Has Good News
for the United Nations
LUISA VARGAS (IDN)
agreements achieved at the climate change conference in Cancun underline
that that the United Nations' decision to refrain from setting a high
expectation bar ahead of the international gathering was most
appropriate. Of critical importance is also that it has reinstated faith
in multilateral processes under the umbrella of the United Nations.
The conference is "not intended to establish the ultimate framework
for comprehensive global action", the secretariat of what is
officially known as the UN Framework Convention on Climate Change (UNFCCC)
said on the eve of the gathering in the Mexican spa resort from November
29 to December 10.
The Bonn-based UNFCCC secretariat has all the more reason now to rejoice
at the adoption of a balanced package of decisions that "set all
governments more firmly on the path towards a low-emissions future and
support enhanced action on climate change in the developing world".
The outcome has been described as an "important success for a world
much in need of it" by the UN Secretary-General Ban Ki-moon.
"Governments came together in common cause, for the common good,
and agreed on a way forward to meet the defining challenge of our
time," he said in a statement.
Much of the credit for the conference not ending up in a fiasco, as the
Copenhagen gathering in December 2009 did, goes to the Mexican hosts --
President Felipe Calderon and Foreign Minister Patricia Espinosa, who
presided over the conference -- as well the UNFCCC Executive Secretary
Christiana Figueres. Unlike Copenhagen, Cancun was both inclusive and
The package, described as the 'Cancun Agreements', was welcomed to
repeated loud and prolonged applause and acclaim by Parties to the
UNFCCC -- with the eminent exception of Bolivia -- in the final plenary.
"Cancun has done its job. The beacon of hope has been reignited and
faith in the multilateral climate change process to deliver results has
been restored," said UNFCCC Executive Secretary Figueres.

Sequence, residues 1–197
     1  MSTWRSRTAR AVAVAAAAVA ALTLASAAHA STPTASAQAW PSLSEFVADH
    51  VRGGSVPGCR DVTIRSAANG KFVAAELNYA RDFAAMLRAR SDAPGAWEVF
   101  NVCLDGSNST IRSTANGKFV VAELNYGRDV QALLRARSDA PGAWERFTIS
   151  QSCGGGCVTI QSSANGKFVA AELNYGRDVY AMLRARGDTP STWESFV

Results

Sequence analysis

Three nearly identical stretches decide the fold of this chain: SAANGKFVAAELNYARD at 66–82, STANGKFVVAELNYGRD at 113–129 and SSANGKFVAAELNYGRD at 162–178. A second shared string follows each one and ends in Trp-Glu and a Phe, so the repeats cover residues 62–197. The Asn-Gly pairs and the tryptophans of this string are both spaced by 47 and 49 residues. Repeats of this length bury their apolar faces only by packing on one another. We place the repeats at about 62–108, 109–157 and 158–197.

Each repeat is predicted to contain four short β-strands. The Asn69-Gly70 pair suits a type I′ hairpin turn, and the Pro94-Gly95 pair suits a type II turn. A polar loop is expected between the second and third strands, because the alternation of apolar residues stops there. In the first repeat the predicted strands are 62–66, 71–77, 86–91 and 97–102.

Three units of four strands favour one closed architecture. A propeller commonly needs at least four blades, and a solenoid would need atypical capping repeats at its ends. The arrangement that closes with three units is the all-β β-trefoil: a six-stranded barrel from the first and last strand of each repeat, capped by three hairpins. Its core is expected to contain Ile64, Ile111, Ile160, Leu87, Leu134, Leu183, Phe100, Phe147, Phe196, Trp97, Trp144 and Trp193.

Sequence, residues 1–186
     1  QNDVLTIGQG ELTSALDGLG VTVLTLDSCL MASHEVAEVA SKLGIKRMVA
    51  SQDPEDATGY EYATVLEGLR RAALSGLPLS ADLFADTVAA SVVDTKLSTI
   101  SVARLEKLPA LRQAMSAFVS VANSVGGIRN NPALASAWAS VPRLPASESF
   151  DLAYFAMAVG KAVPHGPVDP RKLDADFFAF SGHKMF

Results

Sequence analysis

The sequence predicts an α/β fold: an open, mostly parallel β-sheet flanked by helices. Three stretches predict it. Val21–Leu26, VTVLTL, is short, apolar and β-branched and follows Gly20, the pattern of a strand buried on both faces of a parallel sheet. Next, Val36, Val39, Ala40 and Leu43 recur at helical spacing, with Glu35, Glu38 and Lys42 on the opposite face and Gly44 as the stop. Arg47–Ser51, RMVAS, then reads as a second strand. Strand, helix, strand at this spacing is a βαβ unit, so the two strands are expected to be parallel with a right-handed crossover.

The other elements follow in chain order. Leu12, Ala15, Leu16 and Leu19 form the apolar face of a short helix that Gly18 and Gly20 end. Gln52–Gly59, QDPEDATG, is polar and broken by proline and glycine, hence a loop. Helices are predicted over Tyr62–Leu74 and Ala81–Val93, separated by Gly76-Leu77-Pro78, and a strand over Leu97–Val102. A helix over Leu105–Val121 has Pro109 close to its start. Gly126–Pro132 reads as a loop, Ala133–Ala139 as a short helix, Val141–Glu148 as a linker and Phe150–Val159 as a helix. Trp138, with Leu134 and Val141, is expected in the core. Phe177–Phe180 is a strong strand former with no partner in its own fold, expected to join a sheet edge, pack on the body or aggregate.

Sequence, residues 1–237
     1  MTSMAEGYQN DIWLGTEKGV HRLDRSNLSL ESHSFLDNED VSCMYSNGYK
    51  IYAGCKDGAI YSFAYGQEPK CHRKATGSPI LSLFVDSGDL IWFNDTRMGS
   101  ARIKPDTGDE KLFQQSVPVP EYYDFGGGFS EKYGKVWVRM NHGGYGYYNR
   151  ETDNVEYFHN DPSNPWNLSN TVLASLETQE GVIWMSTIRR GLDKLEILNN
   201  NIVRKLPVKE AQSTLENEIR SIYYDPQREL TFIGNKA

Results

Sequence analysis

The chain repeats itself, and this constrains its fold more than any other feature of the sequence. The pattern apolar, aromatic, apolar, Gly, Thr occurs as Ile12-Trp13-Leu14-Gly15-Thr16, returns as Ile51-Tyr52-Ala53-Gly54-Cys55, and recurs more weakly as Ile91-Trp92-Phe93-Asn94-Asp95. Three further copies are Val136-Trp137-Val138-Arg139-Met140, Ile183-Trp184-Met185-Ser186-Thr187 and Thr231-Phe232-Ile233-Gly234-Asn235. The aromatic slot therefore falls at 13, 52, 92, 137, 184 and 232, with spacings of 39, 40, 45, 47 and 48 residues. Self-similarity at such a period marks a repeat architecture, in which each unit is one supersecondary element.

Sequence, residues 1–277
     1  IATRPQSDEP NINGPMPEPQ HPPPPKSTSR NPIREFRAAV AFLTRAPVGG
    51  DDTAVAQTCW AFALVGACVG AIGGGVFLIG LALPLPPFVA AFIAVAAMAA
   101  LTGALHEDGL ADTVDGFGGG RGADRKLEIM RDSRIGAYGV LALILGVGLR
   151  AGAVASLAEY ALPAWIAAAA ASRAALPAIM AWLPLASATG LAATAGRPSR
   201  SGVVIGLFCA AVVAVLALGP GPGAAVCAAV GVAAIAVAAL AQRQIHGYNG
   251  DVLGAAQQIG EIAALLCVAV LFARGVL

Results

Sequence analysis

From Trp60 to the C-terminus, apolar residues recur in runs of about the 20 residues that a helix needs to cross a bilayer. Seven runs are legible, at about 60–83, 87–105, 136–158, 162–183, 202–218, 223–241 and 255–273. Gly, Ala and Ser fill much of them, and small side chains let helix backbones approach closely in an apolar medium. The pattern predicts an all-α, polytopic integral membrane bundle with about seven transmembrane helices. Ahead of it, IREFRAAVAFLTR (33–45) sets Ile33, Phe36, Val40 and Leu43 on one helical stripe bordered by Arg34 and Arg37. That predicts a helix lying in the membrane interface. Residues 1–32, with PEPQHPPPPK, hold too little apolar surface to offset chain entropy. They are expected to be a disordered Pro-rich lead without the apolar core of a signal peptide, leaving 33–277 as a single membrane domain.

"Nations have shown they can work together under a common roof, to
reach consensus on a common cause. They have shown that consensus in a
transparent and inclusive process can create opportunity for all,"
The fact that faith in the multilateral climate change process to
deliver results has been restored is indeed noteworthy because
detractors of multilateralism saw in the tough climate change
negotiations an obvious proof that these would have to be carried
outside of the UN in regional or sub-regional groupings.
"Governments have given a clear signal that they are headed towards
a low-emissions future together, they have agreed to be accountable to
each other for the actions they take to get there, and they have set it
out in a way which encourages countries to be more ambitious over
time," Figueres said.
In Cancun representatives of 193 countries launched a set of initiatives
and institutions to protect the poor and the vulnerable from climate
change and to deploy the money and technology that developing countries
need to plan and build their own sustainable futures. They also agreed
to launch concrete action to preserve forests in developing nations,
which will increase going forward.
Delegates from around the world also agreed that nations need to work to
stay below a two degree temperature rise, and they set a clear timetable
for review, to ensure that global action is adequate to meet the
emerging reality of climate change.
"This is not the end, but it is a new beginning. It is not what is
ultimately required but it is the essential foundation on which to build
greater, collective ambition," said Figueres, the UNFCCC executive
secretary, a Costa Rican national.
Elements of the Cancun Agreements include:
- Industrialised country targets are officially recognised under the
multilateral process and these countries are to develop low-carbon
development plans and strategies and assess how best to meet them,